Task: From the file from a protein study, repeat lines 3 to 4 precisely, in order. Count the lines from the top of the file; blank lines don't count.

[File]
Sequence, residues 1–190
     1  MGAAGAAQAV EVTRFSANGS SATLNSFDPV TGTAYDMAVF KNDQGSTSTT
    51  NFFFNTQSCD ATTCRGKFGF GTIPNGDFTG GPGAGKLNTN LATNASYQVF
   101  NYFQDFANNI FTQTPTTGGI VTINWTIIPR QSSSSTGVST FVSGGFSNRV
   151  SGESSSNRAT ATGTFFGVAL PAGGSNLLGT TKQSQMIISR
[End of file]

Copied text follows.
    51  NFFFNTQSCD ATTCRGKFGF GTIPNGDFTG GPGAGKLNTN LATNASYQVF
   101  NYFQDFANNI FTQTPTTGGI VTINWTIIPR QSSSSTGVST FVSGGFSNRV